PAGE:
The Mud-Struggler

by Joanna Deffner on January 16, 2019

In sixth grade, my class participated in a Lake Education Association Program (LEAP). Its mission was to increase awareness and education about the wetlands coupled with efforts to save and protect them.

To cover the “learning” part of LEAP, my class took a field trip to the closest wetland location to collect soil samples and plant specimens. Lolloping through the marshy environment, my eager classmates and I were given one strict instruction: don’t go too close to the riverbank. Wetland is exactly as the name implies: the ground is wet and isn’t 100% solid.

Thirty minutes later, I was coming to the groundbreaking conclusion that all mud was the same color (even three feet deep into the ground). But, my reverie was interrupted when I heard a forlorn wail. I whirled around to see one of my classmates sunk chest-deep into the mud.

Wide-eyed I watched as chaperones desperately tried to save the child. The ground wouldn’t bare the weight of a rescuer; there wasn’t a clear path to retrieve her from the muddy prison. In shear panic, she flailed her arms, struggling desperately against the wet soil, but her struggle was to no avail—she sunk deeper into the mud.

Casting all your care upon him; for he careth for you (I Peter 5:7, KVJ).

Scripture tells us to cast all of our cares upon God. But, what’s exactly a care and what does it mean to cast them? According to the Greek, a care (merimna) is a worry, anxiety, or anything you care about or are concerned with. And, the process of casting (epiriptó) is throwing away or throwing off those cares on God. Why does He tell us to do this? Because He cares for us and about the things that happen to us. God’s going to take care of anything we need; we don’t need to think or worry about it.

My classmate had a pretty big care that day—she was stuck in the mud. According to this Scripture, she should have cast that concern (or care) upon God because there was no way she was getting out of the mud single-handedly. However, she tried to take ownership of her care. She began to struggle, but this only worsened the situation. She sank deeper into the mud, past her chest and up to her chin.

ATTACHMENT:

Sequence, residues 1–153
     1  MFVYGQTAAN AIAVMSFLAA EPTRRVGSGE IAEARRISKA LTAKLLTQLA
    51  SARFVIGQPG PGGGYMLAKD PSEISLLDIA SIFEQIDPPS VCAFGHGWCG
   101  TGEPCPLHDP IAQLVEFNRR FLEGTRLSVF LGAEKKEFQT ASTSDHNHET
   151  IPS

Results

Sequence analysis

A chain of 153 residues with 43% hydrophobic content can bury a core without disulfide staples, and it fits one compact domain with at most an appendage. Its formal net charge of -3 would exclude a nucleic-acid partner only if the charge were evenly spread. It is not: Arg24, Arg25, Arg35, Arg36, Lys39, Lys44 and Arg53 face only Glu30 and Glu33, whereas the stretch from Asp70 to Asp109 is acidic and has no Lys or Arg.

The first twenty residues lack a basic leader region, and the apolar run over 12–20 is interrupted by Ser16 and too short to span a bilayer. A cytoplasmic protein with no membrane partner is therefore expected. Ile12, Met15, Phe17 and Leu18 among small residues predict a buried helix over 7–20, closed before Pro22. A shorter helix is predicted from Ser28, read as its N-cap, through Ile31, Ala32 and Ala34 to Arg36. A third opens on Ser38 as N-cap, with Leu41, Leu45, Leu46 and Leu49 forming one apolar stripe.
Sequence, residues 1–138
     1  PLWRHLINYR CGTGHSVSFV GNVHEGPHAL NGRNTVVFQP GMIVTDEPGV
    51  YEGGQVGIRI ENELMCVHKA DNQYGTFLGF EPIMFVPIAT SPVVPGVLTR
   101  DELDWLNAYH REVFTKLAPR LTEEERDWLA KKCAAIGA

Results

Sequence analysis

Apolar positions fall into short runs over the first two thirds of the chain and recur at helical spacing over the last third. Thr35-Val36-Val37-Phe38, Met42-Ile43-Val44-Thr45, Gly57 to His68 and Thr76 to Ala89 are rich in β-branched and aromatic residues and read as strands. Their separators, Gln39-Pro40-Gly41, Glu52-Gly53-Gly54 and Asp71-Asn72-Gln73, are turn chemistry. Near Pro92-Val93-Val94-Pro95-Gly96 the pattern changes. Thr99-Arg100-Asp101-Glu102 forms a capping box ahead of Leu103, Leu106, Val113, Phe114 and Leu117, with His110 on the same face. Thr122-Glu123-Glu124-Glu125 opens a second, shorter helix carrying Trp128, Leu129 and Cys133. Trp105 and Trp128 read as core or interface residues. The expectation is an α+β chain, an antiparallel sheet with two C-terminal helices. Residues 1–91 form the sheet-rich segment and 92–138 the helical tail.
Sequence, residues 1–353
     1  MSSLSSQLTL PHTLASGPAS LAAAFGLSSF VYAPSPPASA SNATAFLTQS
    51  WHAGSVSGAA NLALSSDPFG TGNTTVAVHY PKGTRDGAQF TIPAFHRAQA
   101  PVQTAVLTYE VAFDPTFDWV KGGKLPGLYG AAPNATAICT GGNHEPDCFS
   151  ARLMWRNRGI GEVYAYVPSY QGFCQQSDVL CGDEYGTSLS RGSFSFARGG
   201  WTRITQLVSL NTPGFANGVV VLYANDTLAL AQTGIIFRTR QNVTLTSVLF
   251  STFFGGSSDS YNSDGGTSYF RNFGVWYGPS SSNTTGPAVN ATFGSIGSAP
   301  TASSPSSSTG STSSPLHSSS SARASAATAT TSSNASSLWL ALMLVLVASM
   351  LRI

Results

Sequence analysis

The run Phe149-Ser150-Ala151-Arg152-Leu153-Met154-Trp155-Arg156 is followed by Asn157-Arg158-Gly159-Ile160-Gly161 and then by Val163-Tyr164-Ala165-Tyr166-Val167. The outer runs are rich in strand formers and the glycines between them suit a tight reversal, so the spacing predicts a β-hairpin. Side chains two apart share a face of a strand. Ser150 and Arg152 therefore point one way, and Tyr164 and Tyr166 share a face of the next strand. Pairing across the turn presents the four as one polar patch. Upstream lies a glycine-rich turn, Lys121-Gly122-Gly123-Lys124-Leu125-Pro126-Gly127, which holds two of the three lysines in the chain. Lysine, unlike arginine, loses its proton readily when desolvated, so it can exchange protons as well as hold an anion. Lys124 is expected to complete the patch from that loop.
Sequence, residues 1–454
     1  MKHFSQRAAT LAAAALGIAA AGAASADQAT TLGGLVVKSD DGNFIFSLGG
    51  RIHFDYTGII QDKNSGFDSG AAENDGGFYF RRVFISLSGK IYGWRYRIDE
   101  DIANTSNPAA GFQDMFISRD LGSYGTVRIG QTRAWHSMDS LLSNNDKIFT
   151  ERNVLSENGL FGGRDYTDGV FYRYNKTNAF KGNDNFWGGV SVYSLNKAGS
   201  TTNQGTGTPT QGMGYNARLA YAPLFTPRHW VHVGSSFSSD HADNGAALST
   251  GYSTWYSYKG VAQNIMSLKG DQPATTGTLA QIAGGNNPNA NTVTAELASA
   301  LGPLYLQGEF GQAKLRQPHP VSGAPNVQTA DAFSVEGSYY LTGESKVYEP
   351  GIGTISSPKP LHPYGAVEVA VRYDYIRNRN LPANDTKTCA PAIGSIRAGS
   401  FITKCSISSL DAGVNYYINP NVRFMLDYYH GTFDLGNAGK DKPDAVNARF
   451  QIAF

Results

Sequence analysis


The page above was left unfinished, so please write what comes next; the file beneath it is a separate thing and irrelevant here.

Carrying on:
It might not be mud for you, but we all have something we care about. I’m not only talking about the financial hardships, broken marriages, health issues, or emotional distress you might be facing today. You might (and hopefully) care about your family, wonder when you’ll have time to get groceries, the presentation at work, your homework assignment, or something else; you fill in the blank. We all have something that we care for or towards.

Caring about things isn’t wrong. We step into the realm of sin when we don’t cast (throw off or throw away) those cares to God; we decide to follow own will and care for or worry about them (Matthew 7:21).

When we don’t cast, we’re like my classmate. Whether we’ve realized it or not, we’ve stepped too close to the riverbank, have sunk into the mud, and keep struggling (caring for something) God never intended for us to mess with. And, in taking matters (cares) into our own hands, we make a mess of things, get stuck, and then wonder why we’re cast down, unable to find peace, burdened, sick, tired, etc.

It’s only when we cast off our care unto God and stand still, will we see our salvation (Exodus 14:13). This may come in the form of deliverance, peace, or rest for you, but ultimately it frees us up to care about our Father’s Kingdom—His purpose, plan, and vision (Philippians 4:9). I’d rather care for those things, wouldn’t you?

My classmate was freed from the mud just a short while afterward. She made it out before the mud went over her head, and was back to her original purpose: exploring the wetlands. Don’t be a mud-struggler today and lose sight of what God has instructed you to do. Cast your cares on Him because He cares for you, and redirect your focus toward what God has in store for you today.